After thinking about these athletes, a number of common traits emerged. They shared a number of commonalities that differ from most other athletes I've encountered, and I feel it is these traits that are what make them special.
So in no particular order, here's the best athlete I've ever played/coached with...
The best athletes I've been around held themselves to a higher standard, they didn't care about about other people's standards, they only cared about their own because they're own standard's are higher than anyone else's... This is how great people think.
They aren't driven by rewards, or acknowledgements, or validation from others… they don't stop working hard just because they lost or may have been shorted or didn't get picked for an award… No they continue to work even harder and use set-backs to their advantage. It's not about the set-back, but the comeback.
They are humble… they take coaching, they listen, they observe, they WANT TO IMPROVE. They don't have all the answers and they don't have an attitude because someone tells them they have weaknesses or need to work harder or do something they don't want to do.
They know that success has been the spoil of many before and many more to come. Success is temporary, and in order to continue to have success, they can't rest on the past.
They are humble because they know, eventually they will be beat, they will grow older, and someone better will come along.
They show up to practice or training 45-minutes early, so they can do their soft-tissue, mobilizations, warm-up, activation, and work on specific weaknesses. They don't show up 30-seconds before they need to, they don't half ass the warm-up or skip activation, they don't skip out on recovery - they know every piece has it's place and is inherently important to the whole process.
They aren't impressed when they get a base hit, or make a 3-pointer, or win a race… because they know it's only a small stepping stone and at the end of the day it's about self competition and improvement.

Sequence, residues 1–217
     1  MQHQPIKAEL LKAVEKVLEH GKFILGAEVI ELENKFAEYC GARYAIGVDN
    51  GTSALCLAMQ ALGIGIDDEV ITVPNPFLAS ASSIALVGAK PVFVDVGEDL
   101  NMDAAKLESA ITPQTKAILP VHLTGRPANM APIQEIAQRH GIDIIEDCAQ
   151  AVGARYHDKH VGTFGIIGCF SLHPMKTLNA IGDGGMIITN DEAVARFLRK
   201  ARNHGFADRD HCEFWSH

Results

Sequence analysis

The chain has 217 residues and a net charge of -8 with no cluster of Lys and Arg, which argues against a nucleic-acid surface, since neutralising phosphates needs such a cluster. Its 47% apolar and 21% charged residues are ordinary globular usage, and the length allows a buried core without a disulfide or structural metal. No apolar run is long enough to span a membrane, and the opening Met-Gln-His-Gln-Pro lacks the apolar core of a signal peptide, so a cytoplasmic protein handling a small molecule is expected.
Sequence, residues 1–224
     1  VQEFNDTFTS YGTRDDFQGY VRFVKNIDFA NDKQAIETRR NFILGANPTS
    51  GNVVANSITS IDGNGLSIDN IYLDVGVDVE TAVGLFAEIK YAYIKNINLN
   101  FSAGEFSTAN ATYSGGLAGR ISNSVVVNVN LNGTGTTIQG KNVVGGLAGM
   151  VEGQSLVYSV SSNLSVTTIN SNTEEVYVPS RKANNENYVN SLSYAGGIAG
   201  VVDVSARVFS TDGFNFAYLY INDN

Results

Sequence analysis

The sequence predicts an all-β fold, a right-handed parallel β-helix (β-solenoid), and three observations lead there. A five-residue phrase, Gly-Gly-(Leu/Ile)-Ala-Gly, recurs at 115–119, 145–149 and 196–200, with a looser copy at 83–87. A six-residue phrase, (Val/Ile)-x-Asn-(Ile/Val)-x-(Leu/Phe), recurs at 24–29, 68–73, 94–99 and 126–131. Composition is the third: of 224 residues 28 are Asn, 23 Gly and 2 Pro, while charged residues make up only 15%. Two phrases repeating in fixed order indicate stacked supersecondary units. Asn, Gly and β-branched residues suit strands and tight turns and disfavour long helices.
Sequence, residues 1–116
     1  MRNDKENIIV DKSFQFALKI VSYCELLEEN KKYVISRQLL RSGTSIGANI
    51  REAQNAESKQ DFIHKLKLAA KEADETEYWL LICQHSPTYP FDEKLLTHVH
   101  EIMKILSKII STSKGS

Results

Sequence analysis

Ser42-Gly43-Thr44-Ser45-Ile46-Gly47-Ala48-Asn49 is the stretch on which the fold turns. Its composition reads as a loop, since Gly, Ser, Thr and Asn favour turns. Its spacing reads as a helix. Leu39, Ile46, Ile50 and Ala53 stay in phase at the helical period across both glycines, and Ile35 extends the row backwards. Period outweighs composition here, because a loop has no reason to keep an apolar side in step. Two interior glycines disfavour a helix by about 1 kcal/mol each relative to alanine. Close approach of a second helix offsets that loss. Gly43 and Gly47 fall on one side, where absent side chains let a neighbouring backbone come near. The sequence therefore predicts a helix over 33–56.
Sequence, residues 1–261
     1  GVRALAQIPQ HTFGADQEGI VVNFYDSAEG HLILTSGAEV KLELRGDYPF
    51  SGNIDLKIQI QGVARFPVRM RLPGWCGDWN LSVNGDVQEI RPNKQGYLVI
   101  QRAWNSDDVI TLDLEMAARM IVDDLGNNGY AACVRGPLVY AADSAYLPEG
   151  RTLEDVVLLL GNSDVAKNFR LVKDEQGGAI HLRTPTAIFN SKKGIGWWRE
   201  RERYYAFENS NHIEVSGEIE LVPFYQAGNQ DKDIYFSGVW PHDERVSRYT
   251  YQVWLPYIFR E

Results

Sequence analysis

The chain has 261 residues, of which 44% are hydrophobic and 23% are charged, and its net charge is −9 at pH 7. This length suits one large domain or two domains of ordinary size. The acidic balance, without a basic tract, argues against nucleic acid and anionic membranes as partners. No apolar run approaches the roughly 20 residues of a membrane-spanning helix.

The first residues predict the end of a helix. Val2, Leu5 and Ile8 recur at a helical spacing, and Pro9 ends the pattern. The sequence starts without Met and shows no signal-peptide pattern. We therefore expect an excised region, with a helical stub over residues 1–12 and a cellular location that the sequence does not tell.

They use failure as a learning experience. They know failure is a prerequisite for success in life.
They have humility.
They don't listen to the hype or the papers because they know false ideas about oneself can cause destruction and inhibit growth.
They have a realistic view of themselves, they know their strengths and weaknesses. They don't have unrealistic views of themselves, instead they know exactly where they need to improve and attack these weaknesses to turn them into strengths.
They plan their work and then work their plan.
They know their attitude is their decision and it requires discipline and energy to sustain it. They don't let others dictate their attitude, instead they take ownership for their attitude, no matter the situation.
They don't place blame on any others but themselves when things do not go well. They don't blame the coach or their teammates or the refs, instead they take responsibility.
They welcome challenges and look forward to the toughest competitions. They seek out situations where they may fail and lose because they know this makes them stronger.
They know there will be others who are bigger, faster, and stronger BUT physical ability is never the defining factor in elite performance.
They put the quest for individual awards/glory/acknowledgement behind them and wholeheartedly commit themselves to the team effort.
What common qualities do great athletes you've played/trained with have?
Go Get 'Em